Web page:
Lost in the shadows: reflections on the dark side of co-production
Oli Williams, Sophie Sarre, Stan Constantina Papoulias, Sarah Knowles, Glenn Robert, Peter Beresford, Diana Rose, Sarah Carr, Meerat Kaur, Victoria J Palmer
HEALTH RESEARCH POLICY AND SYSTEMS | BMC | Published : 2020
This article is a response to Oliver et al.'s Commentary 'The dark side of coproduction: do the costs outweigh the benefits for health research?' recently published in Health Research Policy and Systems (2019, 17:33). The original commentary raises some important questions about how and when to co-produce health research, including highlighting various professional costs to those involved. However, we identify four related limitations in their inquiry, as follows: (1) the adoption of a problematically expansive definition of co-production that fails to acknowledge key features that distinguish co-production from broader collaboration; (2) a strong focus on technocratic rationales for co-prod..View full abstract
Awarded by Forte, the Swedish Research Council for Health, Working Life and Welfare
Awarded by Wellcome Investigator Award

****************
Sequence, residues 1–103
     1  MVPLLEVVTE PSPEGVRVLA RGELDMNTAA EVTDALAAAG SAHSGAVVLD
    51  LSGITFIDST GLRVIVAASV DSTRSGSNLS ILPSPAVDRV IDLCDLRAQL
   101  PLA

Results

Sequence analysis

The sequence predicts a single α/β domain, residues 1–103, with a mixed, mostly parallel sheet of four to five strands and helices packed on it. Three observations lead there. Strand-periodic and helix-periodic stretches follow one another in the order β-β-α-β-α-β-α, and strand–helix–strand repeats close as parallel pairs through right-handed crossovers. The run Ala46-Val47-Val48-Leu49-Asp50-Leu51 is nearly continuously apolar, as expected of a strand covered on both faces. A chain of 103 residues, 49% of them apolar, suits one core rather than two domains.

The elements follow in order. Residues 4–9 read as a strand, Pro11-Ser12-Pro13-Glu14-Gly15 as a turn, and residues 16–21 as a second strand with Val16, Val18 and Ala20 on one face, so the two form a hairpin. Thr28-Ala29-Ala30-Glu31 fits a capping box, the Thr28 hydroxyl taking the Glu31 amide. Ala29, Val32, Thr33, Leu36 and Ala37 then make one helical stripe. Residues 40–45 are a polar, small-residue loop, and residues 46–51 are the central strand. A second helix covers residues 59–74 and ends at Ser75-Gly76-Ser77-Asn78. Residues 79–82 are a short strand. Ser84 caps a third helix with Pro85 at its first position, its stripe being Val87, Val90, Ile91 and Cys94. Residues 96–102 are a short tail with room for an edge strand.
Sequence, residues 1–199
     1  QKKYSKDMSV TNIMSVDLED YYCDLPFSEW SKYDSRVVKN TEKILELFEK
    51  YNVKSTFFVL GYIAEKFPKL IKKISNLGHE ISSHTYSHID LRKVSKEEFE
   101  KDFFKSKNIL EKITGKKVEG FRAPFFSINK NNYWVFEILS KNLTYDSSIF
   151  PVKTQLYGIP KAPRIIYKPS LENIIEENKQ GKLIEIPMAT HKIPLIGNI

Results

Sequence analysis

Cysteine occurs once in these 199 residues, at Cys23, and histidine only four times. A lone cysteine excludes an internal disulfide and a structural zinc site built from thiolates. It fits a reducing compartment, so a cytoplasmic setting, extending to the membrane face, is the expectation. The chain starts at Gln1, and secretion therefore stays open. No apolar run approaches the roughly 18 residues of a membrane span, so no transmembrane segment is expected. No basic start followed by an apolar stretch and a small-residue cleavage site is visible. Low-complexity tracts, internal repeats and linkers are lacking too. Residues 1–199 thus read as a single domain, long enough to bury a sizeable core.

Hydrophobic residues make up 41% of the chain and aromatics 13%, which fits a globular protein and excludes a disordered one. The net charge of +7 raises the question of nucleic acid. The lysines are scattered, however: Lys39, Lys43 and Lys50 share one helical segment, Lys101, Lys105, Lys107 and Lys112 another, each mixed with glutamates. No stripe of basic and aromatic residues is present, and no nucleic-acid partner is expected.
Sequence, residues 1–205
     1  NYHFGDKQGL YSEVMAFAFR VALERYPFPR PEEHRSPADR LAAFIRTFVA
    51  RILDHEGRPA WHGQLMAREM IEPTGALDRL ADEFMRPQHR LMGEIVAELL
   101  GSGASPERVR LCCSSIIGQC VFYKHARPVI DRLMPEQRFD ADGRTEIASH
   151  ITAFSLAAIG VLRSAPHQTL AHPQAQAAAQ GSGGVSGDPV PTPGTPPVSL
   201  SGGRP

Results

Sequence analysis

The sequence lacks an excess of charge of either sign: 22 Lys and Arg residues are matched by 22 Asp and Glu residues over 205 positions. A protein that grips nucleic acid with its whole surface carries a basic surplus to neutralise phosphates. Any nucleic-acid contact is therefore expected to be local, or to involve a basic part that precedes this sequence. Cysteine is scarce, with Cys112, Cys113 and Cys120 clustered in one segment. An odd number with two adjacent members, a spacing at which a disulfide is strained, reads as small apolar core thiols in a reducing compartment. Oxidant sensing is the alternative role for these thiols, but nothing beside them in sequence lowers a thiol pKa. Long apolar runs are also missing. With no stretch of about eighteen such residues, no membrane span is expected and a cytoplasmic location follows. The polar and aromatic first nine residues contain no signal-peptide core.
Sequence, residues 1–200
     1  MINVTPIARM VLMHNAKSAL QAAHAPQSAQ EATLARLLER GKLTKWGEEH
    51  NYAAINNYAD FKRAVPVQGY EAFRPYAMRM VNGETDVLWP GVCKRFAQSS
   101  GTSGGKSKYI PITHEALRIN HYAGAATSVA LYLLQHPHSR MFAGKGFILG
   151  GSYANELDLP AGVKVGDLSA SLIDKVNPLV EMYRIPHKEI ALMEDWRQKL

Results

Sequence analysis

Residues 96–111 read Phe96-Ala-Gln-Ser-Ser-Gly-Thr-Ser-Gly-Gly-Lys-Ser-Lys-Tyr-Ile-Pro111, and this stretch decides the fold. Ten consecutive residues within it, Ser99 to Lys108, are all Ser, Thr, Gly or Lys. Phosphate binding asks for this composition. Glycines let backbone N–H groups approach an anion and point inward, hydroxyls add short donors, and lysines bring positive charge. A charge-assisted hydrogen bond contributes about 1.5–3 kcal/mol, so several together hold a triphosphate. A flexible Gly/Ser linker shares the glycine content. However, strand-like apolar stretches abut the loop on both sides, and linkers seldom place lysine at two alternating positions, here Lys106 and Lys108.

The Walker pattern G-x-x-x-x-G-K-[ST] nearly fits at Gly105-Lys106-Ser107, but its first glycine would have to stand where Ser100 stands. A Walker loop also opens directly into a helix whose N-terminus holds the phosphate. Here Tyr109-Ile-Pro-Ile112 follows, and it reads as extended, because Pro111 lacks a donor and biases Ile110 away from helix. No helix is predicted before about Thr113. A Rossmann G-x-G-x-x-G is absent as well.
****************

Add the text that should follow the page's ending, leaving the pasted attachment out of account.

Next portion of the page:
OW is supported by the Health Foundation's grant to the University of Cambridge for The Healthcare Improvement Studies Institute.OW, SS and GR are affiliated to the Samskapa research programme on co-production led by Jonkoping University. This is funded by Forte, the Swedish Research Council for Health, Working Life and Welfare under grant agreement no. 2018-01431. SS and GR receive funding from this grant.SP is supported by the National Institute for Health Research (NIHR) Applied Research Collaboration (ARC) South London at King's College Hospital NHS Foundation Trust. The views expressed are those of the author and not necessarily those of the NHS, the NIHR or the Department of Health and Social Care. During the preparation of the paper, SK was funded by an NIHR Knowledge Mobilisation Research Fellowship.DR is in receipt of Wellcome Investigator Award IA 203237/Z/16/examining knowledge generation and practice innovation by mental health service users, survivors and people with psychosocial disabilities globally. She also receives support from the NIHR-funded ARC South London. Neither funders, nor the Department of Health and Social Care are responsible for the views expressed here.SC is in receipt of NIHR School for Social Care Research funding for a user-controlled study on avoidable harm in mental health social care. The views expressed in this paper are those of the author and not the NIHR SSCR, NHS, the National Institute for Health Research or the Department of Health and Social Care. MK is supported by the National Institute for Health Research (NIHR) Applied Research Collaboration (ARC) Northwest London. The views expressed are those of the author and not necessarily those of the NHS, the NIHR or the Department of Health and Social Care.